Commodities and Natural Resources Equities vs. Rising Rates
Source: VanEck; Bloomberg. Data as of February 2017. Charts are for illustrative purposes only. Past performance does not guarantee future results.
Consumer Price Index (CPI) vs. Commodity Prices
Source: Federal Reserve Bank of St. Louis. Data as of February 2017. Charts are for illustrative purposes only. Past performance does not guarantee future results.
We Favor Investment Ideas that Deliver Long-Term Structural Growth
One of the main principles of our investment philosophy continues to be to look for investment ideas that can deliver long-term structural growth and an eventual increase in intrinsic value. Since we remain convinced that positioning our portfolios for the future, and not just reacting to current circumstance, is of paramount importance, our focus across the sectors in which we invest remains on companies that can navigate commodity price volatility, inflation risks, and the intrinsic volatility of the markets to help grow sustainable shareholder value.
1The S&P North American Natural Resources Sector (SPGINRTR) Index (the "Index") provides investors with a benchmark that represents U.S. traded securities that are classified under the GICS® energy and materials sector excluding the chemicals industry; and steel sub-industry.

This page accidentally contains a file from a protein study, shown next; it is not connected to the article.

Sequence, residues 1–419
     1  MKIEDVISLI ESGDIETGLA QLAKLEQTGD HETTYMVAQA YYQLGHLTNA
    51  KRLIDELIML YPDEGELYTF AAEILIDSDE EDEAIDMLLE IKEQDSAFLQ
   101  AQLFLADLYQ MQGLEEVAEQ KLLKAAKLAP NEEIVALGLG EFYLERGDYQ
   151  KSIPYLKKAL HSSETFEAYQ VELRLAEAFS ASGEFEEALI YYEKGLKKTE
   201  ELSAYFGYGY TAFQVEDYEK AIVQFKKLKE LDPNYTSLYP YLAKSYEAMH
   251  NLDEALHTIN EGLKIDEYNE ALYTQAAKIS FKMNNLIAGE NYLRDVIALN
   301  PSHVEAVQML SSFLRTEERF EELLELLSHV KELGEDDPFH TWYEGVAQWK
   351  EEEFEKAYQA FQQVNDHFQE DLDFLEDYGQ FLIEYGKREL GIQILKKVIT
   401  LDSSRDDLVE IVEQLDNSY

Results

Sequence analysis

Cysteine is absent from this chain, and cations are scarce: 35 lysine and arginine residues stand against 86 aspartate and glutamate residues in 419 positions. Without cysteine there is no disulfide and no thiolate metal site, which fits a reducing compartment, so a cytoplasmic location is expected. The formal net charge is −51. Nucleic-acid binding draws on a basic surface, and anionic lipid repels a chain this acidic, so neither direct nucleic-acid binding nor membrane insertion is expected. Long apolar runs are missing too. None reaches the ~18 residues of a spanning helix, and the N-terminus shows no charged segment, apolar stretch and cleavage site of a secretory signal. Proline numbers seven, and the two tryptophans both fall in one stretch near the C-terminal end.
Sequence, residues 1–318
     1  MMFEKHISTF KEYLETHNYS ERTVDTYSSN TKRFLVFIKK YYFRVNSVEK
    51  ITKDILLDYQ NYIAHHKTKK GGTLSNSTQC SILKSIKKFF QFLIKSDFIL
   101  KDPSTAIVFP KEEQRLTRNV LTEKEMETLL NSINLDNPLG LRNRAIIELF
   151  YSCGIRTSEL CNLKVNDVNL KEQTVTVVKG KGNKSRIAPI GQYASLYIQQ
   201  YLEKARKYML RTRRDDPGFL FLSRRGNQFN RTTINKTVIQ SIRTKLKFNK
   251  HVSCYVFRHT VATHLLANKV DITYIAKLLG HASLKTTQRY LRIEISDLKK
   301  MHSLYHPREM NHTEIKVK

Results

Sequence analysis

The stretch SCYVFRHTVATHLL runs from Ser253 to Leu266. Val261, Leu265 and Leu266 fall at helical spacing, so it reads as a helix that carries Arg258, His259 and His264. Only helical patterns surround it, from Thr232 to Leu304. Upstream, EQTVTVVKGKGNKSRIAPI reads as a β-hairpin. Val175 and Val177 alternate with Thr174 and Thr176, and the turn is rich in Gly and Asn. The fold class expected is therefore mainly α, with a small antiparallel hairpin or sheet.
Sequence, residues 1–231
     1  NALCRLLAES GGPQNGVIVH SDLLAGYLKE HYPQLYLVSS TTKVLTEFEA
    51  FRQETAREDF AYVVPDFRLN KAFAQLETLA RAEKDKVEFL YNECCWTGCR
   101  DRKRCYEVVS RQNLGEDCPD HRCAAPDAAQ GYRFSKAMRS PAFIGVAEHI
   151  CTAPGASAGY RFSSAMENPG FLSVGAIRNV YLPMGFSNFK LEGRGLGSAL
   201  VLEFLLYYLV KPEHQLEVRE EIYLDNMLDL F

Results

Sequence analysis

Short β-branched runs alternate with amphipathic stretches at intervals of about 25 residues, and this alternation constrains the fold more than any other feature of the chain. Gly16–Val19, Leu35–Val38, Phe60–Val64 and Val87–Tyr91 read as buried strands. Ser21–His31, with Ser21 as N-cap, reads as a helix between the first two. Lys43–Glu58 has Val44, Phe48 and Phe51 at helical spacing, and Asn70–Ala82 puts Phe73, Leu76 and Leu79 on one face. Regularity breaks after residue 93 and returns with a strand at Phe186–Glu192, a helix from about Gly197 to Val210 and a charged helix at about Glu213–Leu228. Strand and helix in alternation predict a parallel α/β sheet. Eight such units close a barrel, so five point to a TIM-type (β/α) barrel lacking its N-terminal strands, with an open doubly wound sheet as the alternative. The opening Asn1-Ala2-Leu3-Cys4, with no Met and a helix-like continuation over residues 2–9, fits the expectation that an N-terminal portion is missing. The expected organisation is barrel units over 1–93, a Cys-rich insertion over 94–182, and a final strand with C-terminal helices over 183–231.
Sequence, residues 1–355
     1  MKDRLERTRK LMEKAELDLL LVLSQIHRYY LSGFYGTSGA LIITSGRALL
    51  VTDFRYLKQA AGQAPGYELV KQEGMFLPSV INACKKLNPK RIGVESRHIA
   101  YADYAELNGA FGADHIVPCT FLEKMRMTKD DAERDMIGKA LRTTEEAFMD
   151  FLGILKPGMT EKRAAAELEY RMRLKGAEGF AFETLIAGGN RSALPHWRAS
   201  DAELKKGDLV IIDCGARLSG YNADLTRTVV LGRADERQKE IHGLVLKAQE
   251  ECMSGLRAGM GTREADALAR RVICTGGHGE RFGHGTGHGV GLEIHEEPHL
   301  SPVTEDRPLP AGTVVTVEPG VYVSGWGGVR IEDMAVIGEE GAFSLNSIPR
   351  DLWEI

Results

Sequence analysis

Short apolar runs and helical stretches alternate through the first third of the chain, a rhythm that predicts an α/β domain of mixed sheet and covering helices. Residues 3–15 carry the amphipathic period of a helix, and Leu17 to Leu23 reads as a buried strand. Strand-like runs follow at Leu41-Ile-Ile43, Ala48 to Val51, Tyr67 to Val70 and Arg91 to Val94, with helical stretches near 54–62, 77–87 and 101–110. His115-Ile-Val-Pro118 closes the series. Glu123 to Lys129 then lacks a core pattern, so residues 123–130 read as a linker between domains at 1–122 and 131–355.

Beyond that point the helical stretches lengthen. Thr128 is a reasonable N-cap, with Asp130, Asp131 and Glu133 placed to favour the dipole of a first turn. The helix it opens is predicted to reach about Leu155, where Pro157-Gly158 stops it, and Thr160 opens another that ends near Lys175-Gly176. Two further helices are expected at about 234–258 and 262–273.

The Purchasing Managers' Index (PMI) is an indicator of the economic health of the manufacturing sector. The PMI is based on five major indicators: new orders, inventory levels, production, supplier deliveries and the employment environment. CCI Index is the Continuous Commodity Index, now known as the Thomson Reuters Equal Weight Commodity Index, comprises 17 commodity futures that are continuously rebalanced. The S&P GSCI Index (SPGSCI) comprises 24 commodities from all commodity sectors - energy products, industrial metals, agricultural products, livestock products and precious metals. The Bloomberg Commodity Index (BCOM) is made up of 22 exchange-traded futures and currently represents 20 commodities. The Federal Funds Target Rate is the interest rate at which a depository institution lends funds maintained at the Federal Reserve to another depository institution overnight. The Consumer Price Index (CPI) is a measure that examines the weighted average of prices of a basket of consumer goods and services, such as transportation, food and medical care. It is calculated by taking price changes for each item in the predetermined basket of goods and averaging them. The Producer Price index (PPI) is a family of indexes that measures the average change in selling prices received by domestic producers of goods and services over time.
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Please note that Van Eck Securities Corporation offers investment portfolios that invest in the asset class(es) mentioned in this post. Commodities are assets that have tangible properties, such as oil, metals, and agriculture. Commodities and commodity-linked derivatives may be affected by overall market movements and other factors that affect the value of a particular industry or commodity such as weather, disease, embargoes or political or regulatory developments. Risks may also include investing in wholly owned subsidiary, risk of tracking error, risks of aggressive investment techniques, leverage risk, counterparty risks, non-diversification risk, credit risk, concentration risk, and market risk. Diversification does not assure a profit nor protect against loss.